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This weekly course covers the most common questions videographers encounter when shooting and editing with DSLR cameras, from choosing a frame size and frame rate to understanding moiré. Authors Rich Harrington and Robbie Carman will also help you understand the impacts of compression and the difference between cropped (or micro 4/3rds) and full-sized sensors in cameras, and much more. This continual FAQ guide is a handy way to find the answers to the questions that plague you the most.
Richard Harrington: So Rob, one of the things I've noticed is that people have very strong opinions about lens flares. Some people love them, clients, music video directors, special effects folks, there's plug-ins to add flare after the fact. Robbie Carman: You know it's funny, I was watching the most recent Star Trek movie last night and there is a lens flare in every single shot in that film. Richard Harrington: Yeah, that's sort of hallmark of J.J. Abrams style. He likes lens flares. Robbie Carman: That's right! Richard Harrington: So, that's fine and if you want lens flares and you are designing your shots so they show up, that's perfectly acceptable.
You know, what we're talking about here are those accidental lens flares that you might miss while shooting, and remember, the lens flare is caused by the light really just hitting the lens at a weird angle. Typically, if you're pointing the lens up into the sun or you're starting to get a little bit high, you know, you'll have that bounce in or could be a reflection, but what it really results in is an area where you see a loss of contrast and maybe a weird geometric artifact. Robbie Carman: Yeah, it's interesting. I mean again, you're absolutely right. It's sort of the angle of your light source to the front element of the lens, and most of the time that happens by accident and it's probably not wanted, but it can happen on purpose, you know? Working with a gaffer you can position those lights, so as you move, you're going to get them.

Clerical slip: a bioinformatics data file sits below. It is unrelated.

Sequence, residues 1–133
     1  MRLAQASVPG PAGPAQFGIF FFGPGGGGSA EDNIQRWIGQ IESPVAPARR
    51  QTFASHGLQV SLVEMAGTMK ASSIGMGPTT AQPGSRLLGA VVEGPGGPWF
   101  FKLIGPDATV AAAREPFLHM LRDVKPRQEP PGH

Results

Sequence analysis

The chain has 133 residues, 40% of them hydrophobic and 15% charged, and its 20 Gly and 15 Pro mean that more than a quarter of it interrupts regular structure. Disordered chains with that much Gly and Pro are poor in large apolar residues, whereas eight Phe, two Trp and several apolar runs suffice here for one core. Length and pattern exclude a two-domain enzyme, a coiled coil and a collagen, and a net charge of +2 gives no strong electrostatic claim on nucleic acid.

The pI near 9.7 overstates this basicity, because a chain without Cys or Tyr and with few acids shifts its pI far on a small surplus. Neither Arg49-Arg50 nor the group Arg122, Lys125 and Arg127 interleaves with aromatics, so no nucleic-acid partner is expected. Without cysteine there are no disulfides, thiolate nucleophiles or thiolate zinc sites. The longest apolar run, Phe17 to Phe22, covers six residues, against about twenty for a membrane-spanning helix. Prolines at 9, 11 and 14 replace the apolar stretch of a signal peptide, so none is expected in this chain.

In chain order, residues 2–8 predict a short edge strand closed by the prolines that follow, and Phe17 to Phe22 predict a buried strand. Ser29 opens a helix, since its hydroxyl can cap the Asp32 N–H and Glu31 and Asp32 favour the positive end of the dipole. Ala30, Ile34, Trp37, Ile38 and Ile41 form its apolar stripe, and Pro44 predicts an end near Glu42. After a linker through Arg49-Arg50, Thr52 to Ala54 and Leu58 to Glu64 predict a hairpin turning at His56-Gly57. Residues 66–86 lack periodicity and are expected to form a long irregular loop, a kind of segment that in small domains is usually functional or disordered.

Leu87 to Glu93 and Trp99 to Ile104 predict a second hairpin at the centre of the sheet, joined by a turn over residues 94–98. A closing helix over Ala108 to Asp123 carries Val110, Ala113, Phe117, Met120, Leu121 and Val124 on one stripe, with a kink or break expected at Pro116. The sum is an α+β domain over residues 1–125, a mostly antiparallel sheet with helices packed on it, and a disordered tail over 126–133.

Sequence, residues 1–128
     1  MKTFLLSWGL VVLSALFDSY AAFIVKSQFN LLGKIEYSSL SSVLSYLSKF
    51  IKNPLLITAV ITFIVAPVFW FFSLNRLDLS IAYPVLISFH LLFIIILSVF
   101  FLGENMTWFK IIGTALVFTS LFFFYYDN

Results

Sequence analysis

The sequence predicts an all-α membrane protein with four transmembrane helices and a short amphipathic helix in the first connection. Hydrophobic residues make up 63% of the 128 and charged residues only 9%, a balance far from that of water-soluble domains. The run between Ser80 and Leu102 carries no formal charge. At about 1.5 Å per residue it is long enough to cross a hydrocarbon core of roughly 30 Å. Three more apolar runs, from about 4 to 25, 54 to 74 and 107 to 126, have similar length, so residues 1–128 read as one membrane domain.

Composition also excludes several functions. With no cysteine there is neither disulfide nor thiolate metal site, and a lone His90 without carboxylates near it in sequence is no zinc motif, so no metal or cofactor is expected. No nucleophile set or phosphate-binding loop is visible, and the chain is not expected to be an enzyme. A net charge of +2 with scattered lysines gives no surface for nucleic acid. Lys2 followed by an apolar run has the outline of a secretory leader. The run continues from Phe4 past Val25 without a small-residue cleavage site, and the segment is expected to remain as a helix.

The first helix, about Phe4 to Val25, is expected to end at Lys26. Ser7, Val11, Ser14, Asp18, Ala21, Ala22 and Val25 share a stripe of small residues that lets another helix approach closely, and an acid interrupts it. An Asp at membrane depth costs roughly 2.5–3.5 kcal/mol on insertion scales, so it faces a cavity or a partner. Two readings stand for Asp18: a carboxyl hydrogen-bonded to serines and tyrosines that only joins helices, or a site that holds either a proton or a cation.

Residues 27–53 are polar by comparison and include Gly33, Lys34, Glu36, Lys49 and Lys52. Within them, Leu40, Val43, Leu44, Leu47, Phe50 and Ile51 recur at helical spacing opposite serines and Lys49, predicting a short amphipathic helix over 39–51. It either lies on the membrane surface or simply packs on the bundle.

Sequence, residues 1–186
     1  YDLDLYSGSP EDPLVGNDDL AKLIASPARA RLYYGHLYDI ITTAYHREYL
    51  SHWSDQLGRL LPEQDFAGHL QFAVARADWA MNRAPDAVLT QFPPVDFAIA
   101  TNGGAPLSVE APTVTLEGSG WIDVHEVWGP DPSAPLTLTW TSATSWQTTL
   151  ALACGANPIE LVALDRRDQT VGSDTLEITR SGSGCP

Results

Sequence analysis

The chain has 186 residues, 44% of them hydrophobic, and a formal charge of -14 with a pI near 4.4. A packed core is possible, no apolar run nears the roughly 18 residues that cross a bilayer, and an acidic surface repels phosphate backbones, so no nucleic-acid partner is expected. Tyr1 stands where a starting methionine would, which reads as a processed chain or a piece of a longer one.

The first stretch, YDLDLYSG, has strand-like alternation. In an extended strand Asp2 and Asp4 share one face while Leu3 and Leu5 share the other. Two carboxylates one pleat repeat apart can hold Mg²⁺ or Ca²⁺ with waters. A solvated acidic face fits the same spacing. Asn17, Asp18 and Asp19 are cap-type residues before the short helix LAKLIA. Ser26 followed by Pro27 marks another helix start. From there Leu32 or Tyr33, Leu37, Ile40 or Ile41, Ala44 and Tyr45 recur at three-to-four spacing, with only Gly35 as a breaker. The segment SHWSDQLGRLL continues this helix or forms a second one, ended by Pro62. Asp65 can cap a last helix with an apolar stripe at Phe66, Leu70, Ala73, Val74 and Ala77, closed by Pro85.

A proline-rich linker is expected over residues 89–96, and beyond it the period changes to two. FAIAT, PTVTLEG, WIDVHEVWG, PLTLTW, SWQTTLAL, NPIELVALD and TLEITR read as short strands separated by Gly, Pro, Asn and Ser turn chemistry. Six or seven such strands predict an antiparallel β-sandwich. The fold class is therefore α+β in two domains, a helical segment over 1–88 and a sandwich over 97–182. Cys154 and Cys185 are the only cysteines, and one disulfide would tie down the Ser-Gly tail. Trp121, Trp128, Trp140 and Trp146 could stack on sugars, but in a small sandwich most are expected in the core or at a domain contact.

I'm sure you remember back to the '80s as well, when we have the good old--the star filter where we get those nice star lens flares, which was cool as well, but most of the time you're right, they're unwanted. And the thing that I noticed most about them is when I'm watching films or watching TV, when they're fake and they're inserted for stylistic reasons, they often tend to be perfectly uniform in their lightness and sort of their color and that kind of stuff and the shape. When they are done by accident like, oh, that looks like a dirty spot on the lens or something like that, right? Richard Harrington: Yeah! It looks absolutely like you have a smudge on the lens or that for some reason, why is the shot just--why has it all lost contrast? Robbie Carman: Right! And let's be honest with you, they're unavoidable in certain circumstances, right? So if you really wanted to go about it, you could rotoscope them out in postproduction, that kind of stuff, but we have a much, much, much more simple way, couple of different ways actually of avoiding lens flares and that's what we're going to talk about next.
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